that it is inconsistent with the RFC finding that plaintiff can
understand and remember simple instructions and complete simple
However, in his narrative, Dr. Steffan stated that
plaintiff had adequate psychological ability to carry out simple
work instructions, although he would experience some problems in
Furthermore, Dr. Lear, plaintiff’s treating
psychiatrist, found that plaintiff was only mildly limited in
the ability to understand, remember, and carry out short and
simple instructions (R. at 736-737).2
The opinions of
physicians, psychologists, or psychiatrists who have seen a
claimant over a period of time for purposes of treatment are
given more weight than the views of consulting physicians or
those who only review the medical records and never examine the
Robinson v. Barnhart, 366 F.3d 1078, 1084 (10th Cir.
On the facts of this case, substantial evidence supports
Likewise, Dr. Quiroga found that plaintiff was not significantly limited in his ability to understand, remember and
carry out short and simple instructions (R. at 101).
the ALJ’s finding that plaintiff can understand and remember
simple instructions and complete simple tasks.
Third, plaintiff points out that Dr. Steffan assessed a
moderate limitation in plaintiff’s ability to respond to usual
work situations and to changes in a routine work setting, and
Dr. Quiroga also found that plaintiff was moderately limited in
the ability to respond appropriately to changes in the work
Plaintiff contends that the ALJ erred by stating that
plaintiff can adapt to normal changes in a simple work
environment with the other limitations set out in the RFC
findings (understand and remember simple instructions, complete
simple tasks, and limited contact with others).
However, plaintiff’s treating psychiatrist, Dr. Lear, whose
opinion is generally accorded the greatest weight, did not find
that plaintiff had any limitation in his ability to respond
appropriately to changes in the work setting (R. at 737).
Furthermore, even though Dr. Quiroga found that plaintiff had a
moderate limitation in the ability to respond appropriately to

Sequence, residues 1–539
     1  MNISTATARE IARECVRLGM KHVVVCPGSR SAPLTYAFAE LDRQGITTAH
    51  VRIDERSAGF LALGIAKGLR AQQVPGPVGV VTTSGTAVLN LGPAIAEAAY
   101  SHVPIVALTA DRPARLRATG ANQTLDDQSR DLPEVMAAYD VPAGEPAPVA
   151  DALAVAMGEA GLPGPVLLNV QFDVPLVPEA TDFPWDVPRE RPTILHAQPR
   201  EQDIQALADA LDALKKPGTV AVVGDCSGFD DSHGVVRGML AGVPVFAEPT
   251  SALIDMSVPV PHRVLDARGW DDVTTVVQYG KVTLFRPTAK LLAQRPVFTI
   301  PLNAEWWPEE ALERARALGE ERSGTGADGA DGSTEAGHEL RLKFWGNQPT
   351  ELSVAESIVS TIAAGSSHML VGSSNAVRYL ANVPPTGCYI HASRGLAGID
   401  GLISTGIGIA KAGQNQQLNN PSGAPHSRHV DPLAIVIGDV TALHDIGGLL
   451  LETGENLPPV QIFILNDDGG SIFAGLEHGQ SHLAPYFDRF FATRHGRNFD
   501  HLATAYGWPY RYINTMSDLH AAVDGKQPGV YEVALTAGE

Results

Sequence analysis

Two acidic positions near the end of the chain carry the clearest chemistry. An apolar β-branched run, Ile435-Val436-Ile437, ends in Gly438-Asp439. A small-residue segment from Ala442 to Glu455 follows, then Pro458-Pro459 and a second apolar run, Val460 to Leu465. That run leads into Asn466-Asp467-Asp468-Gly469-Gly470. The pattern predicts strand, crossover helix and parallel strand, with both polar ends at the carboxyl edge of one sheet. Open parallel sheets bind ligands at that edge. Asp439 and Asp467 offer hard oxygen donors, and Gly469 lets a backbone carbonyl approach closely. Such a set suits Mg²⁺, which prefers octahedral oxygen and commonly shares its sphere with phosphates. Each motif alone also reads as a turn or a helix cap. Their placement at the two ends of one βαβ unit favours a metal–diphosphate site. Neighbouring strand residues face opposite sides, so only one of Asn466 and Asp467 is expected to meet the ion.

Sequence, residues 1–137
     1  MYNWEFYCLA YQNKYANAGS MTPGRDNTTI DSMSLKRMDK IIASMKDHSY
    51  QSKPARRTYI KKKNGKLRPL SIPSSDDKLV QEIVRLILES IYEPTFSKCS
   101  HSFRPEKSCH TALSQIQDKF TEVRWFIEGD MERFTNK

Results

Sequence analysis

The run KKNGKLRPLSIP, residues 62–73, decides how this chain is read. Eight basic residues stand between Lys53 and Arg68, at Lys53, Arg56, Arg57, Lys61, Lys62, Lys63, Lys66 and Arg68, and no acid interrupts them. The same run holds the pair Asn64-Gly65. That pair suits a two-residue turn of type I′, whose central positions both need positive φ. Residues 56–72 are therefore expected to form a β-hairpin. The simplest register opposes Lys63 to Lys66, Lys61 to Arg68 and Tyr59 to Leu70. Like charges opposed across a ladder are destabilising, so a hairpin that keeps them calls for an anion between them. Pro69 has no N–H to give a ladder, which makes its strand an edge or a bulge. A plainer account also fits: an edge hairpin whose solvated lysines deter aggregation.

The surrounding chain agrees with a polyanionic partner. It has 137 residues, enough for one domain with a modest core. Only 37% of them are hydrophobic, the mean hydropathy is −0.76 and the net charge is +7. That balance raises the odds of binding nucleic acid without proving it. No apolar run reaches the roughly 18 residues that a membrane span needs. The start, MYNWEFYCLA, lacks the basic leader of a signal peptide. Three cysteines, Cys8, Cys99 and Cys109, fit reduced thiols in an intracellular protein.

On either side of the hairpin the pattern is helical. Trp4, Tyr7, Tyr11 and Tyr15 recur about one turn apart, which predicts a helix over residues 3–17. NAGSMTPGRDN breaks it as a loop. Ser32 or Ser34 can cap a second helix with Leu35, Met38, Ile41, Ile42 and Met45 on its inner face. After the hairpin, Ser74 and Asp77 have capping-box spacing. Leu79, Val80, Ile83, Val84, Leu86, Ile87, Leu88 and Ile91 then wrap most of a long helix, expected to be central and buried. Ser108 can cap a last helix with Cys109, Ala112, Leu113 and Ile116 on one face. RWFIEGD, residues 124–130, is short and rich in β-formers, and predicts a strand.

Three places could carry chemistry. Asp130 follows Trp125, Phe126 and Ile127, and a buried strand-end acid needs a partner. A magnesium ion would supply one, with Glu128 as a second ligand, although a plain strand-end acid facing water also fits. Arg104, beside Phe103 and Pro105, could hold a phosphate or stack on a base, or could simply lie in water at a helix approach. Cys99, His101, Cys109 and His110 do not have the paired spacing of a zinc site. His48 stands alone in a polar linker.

changes in the work setting, Dr. Quiroga concluded that
plaintiff nonetheless could be expected to perform simple and
repetitive tasks and meet the basic mental demands of work on a
sustained basis despite all of his limitations (R. at 102-103).
Even Dr. Steffan stated that plaintiff has adequate
psychological ability to carry out simple work instructions,
although he would experience some problems in this endeavor (R.
On these facts, the court finds that substantial
evidence supports the ALJ’s RFC finding that plaintiff can adapt
to normal changes in a simple work environment with the other
limitations set out in the RFC findings (understand and remember
simple instructions, complete simple tasks, and limited contact
The court finds that substantial evidence supports the
ALJ’s RFC findings.
The ALJ’s RFC findings reasonably rely on,
and are generally consistent with, the opinions of the three
medical sources who offered opinions regarding plaintiff’s
Did the ALJ err in his analysis of plaintiff’s credibility?
Credibility determinations are peculiarly the province of
the finder of fact, and a court will not upset such
determinations when supported by substantial evidence.
findings as to credibility should be closely and affirmatively
linked to substantial evidence and not just a conclusion in the
guise of findings.
Kepler v. Chater, 68 F.3d 387, 391 (10th
Furthermore, the ALJ cannot ignore evidence
favorable to the plaintiff.
Owen v. Chater, 913 F. Supp. 1413,
1420 (D. Kan. 1995).
When analyzing evidence of pain, the court does not require